The Alicante School of Art and College of Design, a UNAI member institution in Spain, has been conducting a project entitled ‘The Art of Protection’, developed by Professors Francisco Oncina and Isabel Alemany. According to the experts, art and design should not be seen only as identifying elements of cultures, but also as an “engine” of socioeconomic development given their commercial relevance. Considering this, protection of intellectual property must be enforced so artists can benefit from what they do and continue to make their art.
A booklet of the World Intellectual Property Organization (WIPO), a specialized agency of the United Nations, explains that the “creativity, skill and talent of literary and artistic creators is also their main means of creating wealth and jobs. By compensating and rewarding creators’ effort and creativity, copyright acts as an incentive to continue to create new work. By striking the right balance between the interests of creators and the wider public interest, copyright law aims to foster an environment in which creativity and innovation can flourish.”
As clearly pointed out in an article published by the United Nations Development Programme, “greater effort needs to be devoted to protecting intellectual property rights. Failing to properly reward creators is holding back growth. Legal frameworks that protect the rights of creators and secure fair remuneration for them is key”. Precisely, ‘The Art of Protection’ initiative, aims at highlighting the importance of protecting the intellectual property of creators.
The project seeks to provide assistance to artists and designers, through awareness and training, so they can sustain themselves with their creative work, while helping to develop small businesses in the creative industry. Sustainable growth and decent work are related to the respect for the work of others. When intellectual property rights are ignored, artists and designers might perceive that their own work does not have the recognition it deserves and as a result, many of them develop or find other livelihoods.
“We work on advancing fundamental rights since we are all responsible for their defense and promotion,” said the scholars involved in this project. The initiative builds on the comprehensive analysis about the actual enforcement and implementation of intellectual property laws in different parts of the world. In partnership with several stakeholders, Nepal was the first country in which the project was carried out in 2017, followed by Senegal in 2019 and Uzbekistan is planned for this year.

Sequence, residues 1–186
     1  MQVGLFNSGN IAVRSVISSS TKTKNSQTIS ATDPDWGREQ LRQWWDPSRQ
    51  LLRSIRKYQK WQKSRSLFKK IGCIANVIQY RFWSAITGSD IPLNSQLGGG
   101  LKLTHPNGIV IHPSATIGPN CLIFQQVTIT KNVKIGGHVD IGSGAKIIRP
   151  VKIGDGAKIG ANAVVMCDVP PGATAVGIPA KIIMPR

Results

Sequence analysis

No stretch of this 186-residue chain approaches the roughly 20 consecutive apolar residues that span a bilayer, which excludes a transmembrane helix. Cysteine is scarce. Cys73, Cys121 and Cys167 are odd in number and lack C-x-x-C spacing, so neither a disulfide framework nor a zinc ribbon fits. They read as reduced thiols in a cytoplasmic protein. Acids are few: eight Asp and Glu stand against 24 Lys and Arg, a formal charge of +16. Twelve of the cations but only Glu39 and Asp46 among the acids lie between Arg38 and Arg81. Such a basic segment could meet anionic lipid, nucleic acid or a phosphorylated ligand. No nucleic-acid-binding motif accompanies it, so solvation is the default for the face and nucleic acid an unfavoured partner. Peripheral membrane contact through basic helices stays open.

The project includes face-to-face and interactive workshops tailored to creative professionals like craftsmen, jewelers, painters, musicians and students, covering a wide range of issues including author rights, trademarks, brands, designs and many other topics related to intellectual property. The series of workshops include debates, surveys about actual knowledge on intellectual property, and the sharing of experiences and best practices, among other activities.
“As seen in the countries where the project has been implemented so far, there is an evident lack of trust in the system related to intellectual property rights, due to what is perceived as a slow or perhaps minimal response from the authorities to protect those rights when it comes to artists and creative workers in general,” mentioned Professors Oncina and Alemany. This, they warned, can severely limit the possibilities of further developing a structured, protected and flourishing work environment for creative and artisanal laborers.
Nevertheless, based on the interaction with the stakeholders at the regional, national and local levels, the scholars noted “a significant increase in the level of awareness regarding this important and sensitive issue, even among governments officials and experts working on this matter.” They highlighted that many of those who have participated in the workshops were not aware of what to do when their creative work was plagiarized or falsified, and its economic implications.
One of the current violations of intellectual property rights affecting creative professionals, takes place in the fashion industry. “For many Indigenous peoples and local communities, making traditional clothes is a source of income; as such, cultural appropriation can wield a significant economic blow, undercutting the ability of communities to earn a living by displacing the sale of authentic products,” noticed Brigitte Vézina, an intellectual property and cultural heritage law consultant, in an article published in the WIPO Magazine.
The experts from the Alicante School of Art and College of Design, considered that the activities carried out within the framework of this project, can boost the idea that the protection of intellectual property in creative industries serves as a stimulus for the creation of wealth in the developing countries. "We must all realize that behind each design a great and hard work is hidden," they added.
To learn more about protecting the intellectual property of artists and creatives, check out these resources from WIPO: Marketing Crafts and Visual Arts: The Role of Intellectual Property and Intellectual Property and Traditional Handicrafts.